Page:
Carlsbad Caverns National Park

Buried beneath the surface of the Chihuahuan Desert are more than 120 caves that make up Carlsbad Caverns: New Mexico’s very first—and moodiest— national park. Explore the caverns on your own via the Big Room and Natural Entrance Trails, or take a ranger-guided tour into the park’s more technical caves, like King’s Palace and Hall of the White Giant. Honorable Mentions: Cibola National Forest, Cloudcroft, Cochiti Canyon, Chaco Canyon, Capulin Volcano National Monument, Cabezon Peak, Cumbres and Toltec Scenic Railroad, Continental Divide National Scenic Trail, Cafe Pasqual’s

Explore through dynamic caverns, amongst desert flowers, and alongside fascinating wildlife at this rugged New Mexican national park. Featuring ancient sea ledges, deep canyons, and more than 100 underground caves to uncover.

You can dive under the Guadalupe Mountains and discover what’s certainly one of the most enthralling cave systems in the USA at Carlsbad Caverns National Park. Discovered in 1898, the seemingly endless array of chambers and channels here weave through strange mineral formations and resplendent water pools fringed by dustings of oxide, not to mention stalactites with curious names like the Totem Pole and the Iceberg Rock. A planned walking route through the caves starts at the excellent visitor’s center.

The ranger-led tour of the King’s Palace takes you into the deepest part of the cave system open to the public, at 830 feet beneath the surface. The King’s Palace contains more stalactites and stalagmites than any other part of the Carlsbad Caverns, making it arguably the most visually impressive part of the complex.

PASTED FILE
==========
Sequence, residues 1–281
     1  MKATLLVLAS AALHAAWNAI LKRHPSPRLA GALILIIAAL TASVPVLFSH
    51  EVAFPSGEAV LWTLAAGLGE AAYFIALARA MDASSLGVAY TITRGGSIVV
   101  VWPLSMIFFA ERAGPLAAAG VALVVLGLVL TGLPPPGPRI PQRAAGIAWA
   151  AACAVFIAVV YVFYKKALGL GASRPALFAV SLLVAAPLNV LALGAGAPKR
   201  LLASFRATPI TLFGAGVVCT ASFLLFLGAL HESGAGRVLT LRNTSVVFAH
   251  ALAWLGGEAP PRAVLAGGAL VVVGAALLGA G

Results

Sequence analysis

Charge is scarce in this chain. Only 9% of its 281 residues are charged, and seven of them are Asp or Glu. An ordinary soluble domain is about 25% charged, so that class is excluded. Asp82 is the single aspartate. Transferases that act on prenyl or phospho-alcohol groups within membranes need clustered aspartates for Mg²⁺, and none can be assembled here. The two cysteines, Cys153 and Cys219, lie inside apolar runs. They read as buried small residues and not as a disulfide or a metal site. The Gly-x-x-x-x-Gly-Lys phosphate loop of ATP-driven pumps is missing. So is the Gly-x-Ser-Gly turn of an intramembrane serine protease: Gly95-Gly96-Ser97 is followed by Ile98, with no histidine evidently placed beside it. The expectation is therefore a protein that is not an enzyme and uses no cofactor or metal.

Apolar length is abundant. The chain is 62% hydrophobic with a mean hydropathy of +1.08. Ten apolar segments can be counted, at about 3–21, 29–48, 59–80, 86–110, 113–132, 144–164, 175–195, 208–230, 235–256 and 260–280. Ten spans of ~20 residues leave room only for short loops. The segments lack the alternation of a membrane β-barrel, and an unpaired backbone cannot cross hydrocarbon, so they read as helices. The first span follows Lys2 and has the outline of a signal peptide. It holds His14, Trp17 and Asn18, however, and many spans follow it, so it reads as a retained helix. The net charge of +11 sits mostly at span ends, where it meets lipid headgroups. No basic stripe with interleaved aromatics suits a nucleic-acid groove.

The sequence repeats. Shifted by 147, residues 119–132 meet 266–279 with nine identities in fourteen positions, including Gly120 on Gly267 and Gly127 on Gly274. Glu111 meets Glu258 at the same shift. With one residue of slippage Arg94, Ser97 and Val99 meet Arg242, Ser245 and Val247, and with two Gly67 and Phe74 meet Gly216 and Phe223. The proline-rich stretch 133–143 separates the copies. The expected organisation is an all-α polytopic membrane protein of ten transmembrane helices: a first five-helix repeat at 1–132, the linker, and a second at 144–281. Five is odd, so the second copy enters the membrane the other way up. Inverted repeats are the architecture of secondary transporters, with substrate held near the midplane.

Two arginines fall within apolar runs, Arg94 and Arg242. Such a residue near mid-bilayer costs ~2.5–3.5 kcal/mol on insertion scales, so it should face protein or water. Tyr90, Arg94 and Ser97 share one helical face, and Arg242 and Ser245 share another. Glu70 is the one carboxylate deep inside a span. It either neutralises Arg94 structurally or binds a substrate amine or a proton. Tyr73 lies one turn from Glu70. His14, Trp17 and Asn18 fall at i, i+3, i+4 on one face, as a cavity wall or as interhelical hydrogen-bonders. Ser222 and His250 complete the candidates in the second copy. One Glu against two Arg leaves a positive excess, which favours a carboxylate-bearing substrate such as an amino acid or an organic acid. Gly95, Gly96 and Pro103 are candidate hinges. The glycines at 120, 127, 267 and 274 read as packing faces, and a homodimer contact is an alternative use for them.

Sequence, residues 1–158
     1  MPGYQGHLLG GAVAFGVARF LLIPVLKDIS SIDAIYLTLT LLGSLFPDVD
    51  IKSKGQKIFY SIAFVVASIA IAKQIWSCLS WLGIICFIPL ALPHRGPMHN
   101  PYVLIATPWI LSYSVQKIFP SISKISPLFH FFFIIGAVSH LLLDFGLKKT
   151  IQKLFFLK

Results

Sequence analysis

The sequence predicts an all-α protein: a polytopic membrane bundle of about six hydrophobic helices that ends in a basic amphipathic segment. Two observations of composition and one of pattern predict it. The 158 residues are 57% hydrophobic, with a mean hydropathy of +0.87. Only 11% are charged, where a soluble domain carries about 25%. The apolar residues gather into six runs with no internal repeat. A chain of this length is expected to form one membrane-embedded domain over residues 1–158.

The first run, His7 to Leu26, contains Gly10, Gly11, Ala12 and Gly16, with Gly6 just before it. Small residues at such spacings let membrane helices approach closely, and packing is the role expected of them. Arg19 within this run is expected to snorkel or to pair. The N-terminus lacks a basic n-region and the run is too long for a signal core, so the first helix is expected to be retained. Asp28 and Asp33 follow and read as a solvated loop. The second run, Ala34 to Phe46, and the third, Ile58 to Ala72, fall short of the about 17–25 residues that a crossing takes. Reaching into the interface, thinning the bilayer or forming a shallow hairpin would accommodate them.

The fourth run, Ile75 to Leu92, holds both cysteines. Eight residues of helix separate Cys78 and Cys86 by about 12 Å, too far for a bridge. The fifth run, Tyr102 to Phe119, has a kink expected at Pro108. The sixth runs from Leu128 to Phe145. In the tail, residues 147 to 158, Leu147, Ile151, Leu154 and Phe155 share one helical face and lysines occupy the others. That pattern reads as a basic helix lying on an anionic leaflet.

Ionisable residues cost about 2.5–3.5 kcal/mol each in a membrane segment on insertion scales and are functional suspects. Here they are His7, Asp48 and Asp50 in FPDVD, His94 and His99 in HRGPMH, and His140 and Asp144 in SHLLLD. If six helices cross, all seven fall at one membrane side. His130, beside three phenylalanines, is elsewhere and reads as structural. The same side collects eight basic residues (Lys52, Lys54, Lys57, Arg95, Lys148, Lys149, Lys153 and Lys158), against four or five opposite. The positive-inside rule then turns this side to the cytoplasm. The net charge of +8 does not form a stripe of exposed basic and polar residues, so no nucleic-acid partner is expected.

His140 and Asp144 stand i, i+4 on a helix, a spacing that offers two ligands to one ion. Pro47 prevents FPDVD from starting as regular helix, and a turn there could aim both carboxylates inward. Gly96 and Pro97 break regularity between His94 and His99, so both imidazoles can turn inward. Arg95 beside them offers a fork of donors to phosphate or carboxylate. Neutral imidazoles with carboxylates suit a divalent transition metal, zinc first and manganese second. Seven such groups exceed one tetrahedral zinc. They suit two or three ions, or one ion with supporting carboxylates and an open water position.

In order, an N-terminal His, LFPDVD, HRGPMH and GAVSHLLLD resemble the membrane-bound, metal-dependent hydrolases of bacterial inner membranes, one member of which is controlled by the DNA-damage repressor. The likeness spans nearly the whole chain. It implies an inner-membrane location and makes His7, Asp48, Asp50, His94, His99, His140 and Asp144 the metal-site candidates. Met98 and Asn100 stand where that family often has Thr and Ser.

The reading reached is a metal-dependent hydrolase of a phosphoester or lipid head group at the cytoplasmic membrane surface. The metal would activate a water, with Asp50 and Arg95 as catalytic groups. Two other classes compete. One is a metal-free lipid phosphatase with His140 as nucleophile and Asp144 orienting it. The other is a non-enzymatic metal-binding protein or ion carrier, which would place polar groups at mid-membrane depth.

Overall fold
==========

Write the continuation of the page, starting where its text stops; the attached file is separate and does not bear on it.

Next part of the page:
Our young kids loved the Natural Entrance Trail, a 1.25 mile hike down to the base of the cave and still had some energy left to see some of the Big Room. Thankfully we were only able to take the elevator back up or we might not have gotten out!

Caving, hiking

I remember going here as a kid — of course, it looked 100x more massive at the time, but it's still a freakin' giant chain of caves that are hard to wrap your mind around. Also, you can see a bunch of bats fly out of the caves at sunset which is pretty gnarly.

You can dive under the Guadalupe Mountains and discover what’s certainly one of the most enthralling cave systems in the USA at the Carlsbad Caverns National Park. Discovered in 1898, the seemingly endless array of chambers and channels here weave through strange mineral formations and resplendent water pools fringed by dustings of oxide, not to mention stalactites with curious names like the Totem Pole and the Iceberg Rock. A planned walking route through the caves starts at the excellent visitor’s center.

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Carlsbad Caverns National Park Lists

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